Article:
We're not talking about Justin Upton leading the league in home runs or Bryce Harper having a stellar second season. We're talking about John Buck being a stud and the Colorado Rockies being in first place. Will these records and these stats hold up long term? Eh, probably not. Maybe in a few cases. But, if not, they'll always have April.
1. The highs and lows of the Boston Red Sox: Literally no one could have predicted everything that happened to the Red Sox in April. After a tragic bombing sent their city into hysteria, the Red Sox rallied to put together the best record in baseball at month's end. Adopting the "Boston Strong" mantra, the Red Sox are 18-8 and lead the AL East. Their +38 run differential is tops in baseball. Quite an achievement for a team that finished in last place in 2012, and didn't even have one of if its biggest bats, David Ortiz, for a majority of April.
2. Who the heck is John Buck? The New York Mets found an unlikely offensive juggernaut in catcher John Buck, a 32-year-old playing for his third team in four years. He leads the NL in RBIs (27) and is second in homers (9) behind Justin Upton. Those numbers are in 23 games. Last season, in 106 games, he hit 12 home runs and drove in 41 runs.
3. The Rockies and Diamondbacks start sharp in NL West: Think this division is all about the Los Angeles Dodgers vs. the San Francisco Giants? Not in April. The Rockies lead the division after a 16-11 record. Yes, they fed on the Padres for six wins, but they also lead baseball in hits and have a team ERA of 3.75 after a league-worst 5.22 last season. Meanwhile, the D-backs are 15-11 after a month in which they've played the Yankees, Dodgers and Giants.
4. Matt Harvey owns April: Savvy baseball pundits knew a Matt Harvey breakthrough year was a possibility, but that doesn't discount the fact that he's been the breakout star of the first month of the season. On an otherwise boring New York Mets pitching staff, the 24-year-old Harvey has been pitching more like Stephen Strasburg than Stephen Strasburg has. Harvey is 4-0 and is in the top five for strikeouts, ERA and WHIP.
Chris Davis should get a rake endorsement: Baltimore Orioles slugger Chris Davis was on fire in April, particularly to start the season. He had a good 2012, so it's not a complete surprise that he's been potent with the bat, but this good? He's near the top in the American League in all the Triple Crown categories — hitting .348 (fourth), slugging nine homers (tied for first) and driving in 28 runs (tied for first).
6. Who leads baseball in runs scored? Would you believe it's the Oakland A's? When you think of Oakland, you think of pitching and "Moneyball," but the Athletics lead the league with 158 runs. They finished a middle-of-the-pack 14th last year in runs scored. In 2013, they've been getting it done thanks to household names such as Josh Donaldson, Seth Smith and Brandon Moss. Of course you know those guys, right?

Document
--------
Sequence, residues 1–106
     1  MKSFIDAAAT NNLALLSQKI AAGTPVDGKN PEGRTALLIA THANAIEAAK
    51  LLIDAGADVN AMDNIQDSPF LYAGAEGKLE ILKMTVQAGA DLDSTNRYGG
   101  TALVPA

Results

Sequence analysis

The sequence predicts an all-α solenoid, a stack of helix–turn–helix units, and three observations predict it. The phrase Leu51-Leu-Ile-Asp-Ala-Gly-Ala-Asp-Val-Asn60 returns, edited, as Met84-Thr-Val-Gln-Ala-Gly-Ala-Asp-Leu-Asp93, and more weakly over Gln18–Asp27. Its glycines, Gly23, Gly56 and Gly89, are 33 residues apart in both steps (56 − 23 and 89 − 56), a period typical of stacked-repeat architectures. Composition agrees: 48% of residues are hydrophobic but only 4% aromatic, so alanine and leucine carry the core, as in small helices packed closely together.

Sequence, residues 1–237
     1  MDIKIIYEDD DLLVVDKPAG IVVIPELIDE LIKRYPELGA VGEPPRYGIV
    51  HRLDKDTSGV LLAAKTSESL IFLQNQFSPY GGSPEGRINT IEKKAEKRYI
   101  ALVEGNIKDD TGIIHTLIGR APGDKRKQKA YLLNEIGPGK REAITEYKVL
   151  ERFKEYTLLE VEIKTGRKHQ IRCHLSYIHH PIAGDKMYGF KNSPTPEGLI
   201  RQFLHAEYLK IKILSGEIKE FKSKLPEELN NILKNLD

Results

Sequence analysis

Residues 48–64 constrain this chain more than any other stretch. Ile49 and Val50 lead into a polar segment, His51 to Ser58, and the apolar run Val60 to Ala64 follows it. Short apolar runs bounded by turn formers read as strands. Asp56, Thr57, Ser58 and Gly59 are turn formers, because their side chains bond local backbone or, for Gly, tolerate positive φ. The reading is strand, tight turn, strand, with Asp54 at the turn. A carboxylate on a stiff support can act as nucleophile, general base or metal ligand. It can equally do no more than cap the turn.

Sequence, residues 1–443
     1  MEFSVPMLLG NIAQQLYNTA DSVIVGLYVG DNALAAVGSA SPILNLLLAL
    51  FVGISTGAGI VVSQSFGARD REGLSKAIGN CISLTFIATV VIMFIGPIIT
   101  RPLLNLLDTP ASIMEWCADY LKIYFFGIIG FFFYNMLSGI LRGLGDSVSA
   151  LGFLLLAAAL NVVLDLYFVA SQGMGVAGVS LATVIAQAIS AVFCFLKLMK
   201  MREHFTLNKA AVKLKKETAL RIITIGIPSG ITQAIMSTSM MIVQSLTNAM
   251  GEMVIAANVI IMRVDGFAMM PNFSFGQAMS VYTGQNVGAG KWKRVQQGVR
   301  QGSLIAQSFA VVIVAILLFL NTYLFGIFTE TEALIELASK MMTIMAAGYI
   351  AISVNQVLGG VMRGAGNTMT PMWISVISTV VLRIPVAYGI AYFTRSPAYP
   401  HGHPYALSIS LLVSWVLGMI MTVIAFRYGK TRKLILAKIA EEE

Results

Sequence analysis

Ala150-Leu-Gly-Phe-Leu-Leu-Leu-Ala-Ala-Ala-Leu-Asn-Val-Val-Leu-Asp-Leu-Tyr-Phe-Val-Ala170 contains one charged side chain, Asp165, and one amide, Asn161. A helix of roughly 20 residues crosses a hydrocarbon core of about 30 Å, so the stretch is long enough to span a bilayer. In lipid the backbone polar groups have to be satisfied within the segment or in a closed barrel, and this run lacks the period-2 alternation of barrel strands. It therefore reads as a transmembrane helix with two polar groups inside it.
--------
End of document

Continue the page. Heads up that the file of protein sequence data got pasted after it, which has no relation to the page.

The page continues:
7. Redemption thy name is Evan Gattis: He's the feel-good story of the first month of the season — a former highly-touted prospect who gave up baseball, worked as a janitor and contemplated suicide before eventually getting a shot with the Atlanta Braves. Gattis is an injury replacement for catcher Brian McCann, one who has played well enough to stick around. He's hit six homers, driven in 16 runs and is slugging .566. If he keeps it up, Gattis' story of redemption might be baseball's best since Josh Hamilton.
8. The hotly competitive NL Central: Most people thought the NL Central this season would be a two-team race between the Cincinnati Reds and the St. Louis Cardinals. There's still a good chance it still will be. But in April, the NL Central proved to be one of baseball's most interesting divisions. On May 1, it's the only division with four teams above .500. Since April 22, the Pirates, Reds and Cardinals have all been in first place in the NL Central. Even the Cubs were in first way back on April 2. Hope they enjoyed that.Kansas City Royals are in second-place in the AL Central and could be, after Wednesday's games, in first place. It's still the Detroit Tigers' division to fumble away. But the Royals, a sexy pick for a sleeper team this season, have showed they may be sticking around longer than usual. They're 14-10 — and that's without Eric Hosmer and Mike Moustakas hitting well.
10.What is this, 2002? Doesn't it feel weird that with all the pitching talent in the Bay Area, Barry Zito and Bartolo Colon are two guys who had great Aprils? They've each won three games and looked (mostly) sharp doing so. Colon, who is 39, is 3-0 with a 3.38 ERA. He's walked only one batter. Zito, meanwhile, is 3-1 with a 3.29 ERA that is much-needed with Matt Cain struggling. These are two guys who were 23-5 (Zito) and 20-8 (Colon) in 2002.
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